Predicting the Biggest Spenders of the 2017 NFL Offseason

Justis Mosqueda@justisfootballFeatured ColumnistFebruary 12, 2017

Predicting the Biggest Spenders of the 2017 NFL Offseason

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    Marcio Jose Sanchez/Associated Press

    With free agency approaching, it's time to start thinking of players as assets. Not only are they talent, but they are contracts and/or draft picks.

    With that in mind, we looked through the NFL's landscape to find which teams would be most likely to have an agressive offseason in 2017. Some teams have a quantifiable advantage, as they have mountains of money available to spend this offseason. One even has more cap room right now than a franchise is slated to spend on their current roster in 2017.

    Others may not have the same capital, but based on their recent history, either by landing or chasing big name free agents, they will be big players when they are afforded an open market. Follow us as we overview who may be running national headlines in March.

6. Tampa Bay Buccaneers

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    Chris O'Meara/Associated Press

    The state of Florida has no income tax. Tampa has fall and winter weather that can't be beat by the likes of Buffalo or Green Bay. The Buccaneers have $72.8 million in cap space, according to, the third-highest amount in the league.

    Go ahead and guess why a free agent might find himself in pewter this offseason.

    Tampa Bay could use big help with offensive skill players, some of the more expensive players in the sport, because of their recent history. Mike Evans is a one-man show at receiver right now, running back Doug Martin will start the season with a three-game suspension for performance enhancing substances and their tight end experiment with Austin Seferian-Jenkins, the 38th overall pick in the 2014 draft, ended after less than three full seasons.

    On top of that, their offensive line isn't solidified, and it may already be time to move on from Donovan Smith, their 2015 second-round pick playing left tackle. If nothing else, they need to bring in competition to battle him for the starting role.

    Defensively, they still need that one premier pass-rusher, plus they've been slacking in supporting Gerald McCoy with an above average teammate next to him in the trenches. 4-3 defensive ends and defensive tackles are some of the highest-paid players in the sport.

    Top talents don't usually hit free agency, but odd circumstances may lead to Jason Pierre-Paul, the defensive end from the New York Giants, hitting the open market. If he does, JPP, a 6'5" former first-team All-Pro who just turned 28 years old, may return to native Florida to play in Raymond James Stadium, where he played on Saturdays at the University of South Florida.

    The Buccaneers have holes in expensive pockets right now. This was also a team that only rolled over about $5 million of cap space from last season, per Spotrac. If that stays consistent this year, Tampa will spend $67 million between now and September.

5. Tennessee Titans

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    Mark Zaleski/Associated Press

    Last year, under the guidance of new general manager Jon Robinson, the Tennessee Titans went from a team which held the first overall pick to one which was in the playoff hunt right up until star quarterback Marcus Mariota went down with an injury.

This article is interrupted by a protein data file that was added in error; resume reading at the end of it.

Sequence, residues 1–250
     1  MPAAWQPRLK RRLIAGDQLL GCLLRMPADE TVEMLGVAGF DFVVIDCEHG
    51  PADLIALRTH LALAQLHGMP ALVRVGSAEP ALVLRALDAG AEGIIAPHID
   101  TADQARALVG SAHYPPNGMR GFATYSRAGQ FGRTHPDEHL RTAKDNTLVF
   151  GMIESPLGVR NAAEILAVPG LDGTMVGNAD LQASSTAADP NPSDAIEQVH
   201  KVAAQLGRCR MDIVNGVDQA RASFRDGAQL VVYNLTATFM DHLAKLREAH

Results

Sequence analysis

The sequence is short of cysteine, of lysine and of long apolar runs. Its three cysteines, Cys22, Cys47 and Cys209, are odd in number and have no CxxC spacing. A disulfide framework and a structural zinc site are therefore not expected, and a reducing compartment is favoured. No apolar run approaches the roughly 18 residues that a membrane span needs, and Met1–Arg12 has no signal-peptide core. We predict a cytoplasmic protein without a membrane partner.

One of Robinson's first moves as a general manager was moving that first overall pick, along with some Day 3 changes, for what amounted to being the 15th, 43rd, 45th and 76th picks of the 2016 draft and the fifth and 69th picks in the 2017 draft. Robinson likes to make deals an manipulate; It's in his background.

    After spending 2002 through 2013 with the New England Patriots, it should be no surprise as to how he acts. After a full year of evaluating where his team is, this finally might be time to pounce on a large free-agent signing.

    Last year, the Titans didn't sign one of the 40-plus free agents who signed deals worth more than $5 million per year, according to Spotrac. Instead, their top signings were boring names like Rishard Matthews and Ben Jones.

    That's one reason why they rolled over $24 million in cap space, the fourth-largest amount in the sport, from last season, per Spotrac. Now they have more than $67 million to spend this offseason, which again ranks fourth in the NFL in 2017. Start to expect Robinson to earn a reputation as a free agent dealer, too.

4. Jacksonville Jaguars

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    Bill Kostroun/Associated Press

    The Jacksonville Jaguars rolled over $39 million in cap space from 2016 to 2017, the second-largest amount of any team in the NFL behind the Cleveland Browns, per Spotrac. They now have nearly $65 million in cap space, the fifth-largest amount in the NFL.

    That was after signing Malik Jackson, a former Denver Broncos defensive lineman, to a six-year, $85.5 million contract, the largest contract in terms of total money in the last free-agent cycle. The team also gave Kevin Beachum, a former Pittsburgh Steeler tackle, a four-year, $45 million contract, the second-largest for any tackle in the 2016 free-agency pool and a top-10 contract in free agency overall based on total money.

    The additions of Tashaun Gipson, who had the highest contract awarded to a safety, and Chris Ivory, who had the highest contract awarded to a running back, hardly made a dent. Jacksonville wants to spend money; it just can't find players willing to take it.

    After now Houston Texans quarterback Brock Osweiler, the largest contract on an average salary basis from the 2016 free-agency cycle was defensive end Olivier Vernon, who signed a five-year, $85 million contract with the New York Giants after leaving the Miami Dolphins.

    In an article with The MMQB's Peter King, Vernon let the world know how close Jacksonville was to landing him, noting the fact that there's no income tax in the state of Florida. That always seems to be the case with the Jaguars, though. If it's not Vernon slipping away, it's Ndamukong Suh or Bryan Bulaga.

    If Jacksonville turns down the option to pick up the remainder of Beachum's contract, they'll have over $73 million in cap space. Shaking tight end Julius Thomas' contract will bring them to $75 million and will save them $21.8 million over the next three seasons.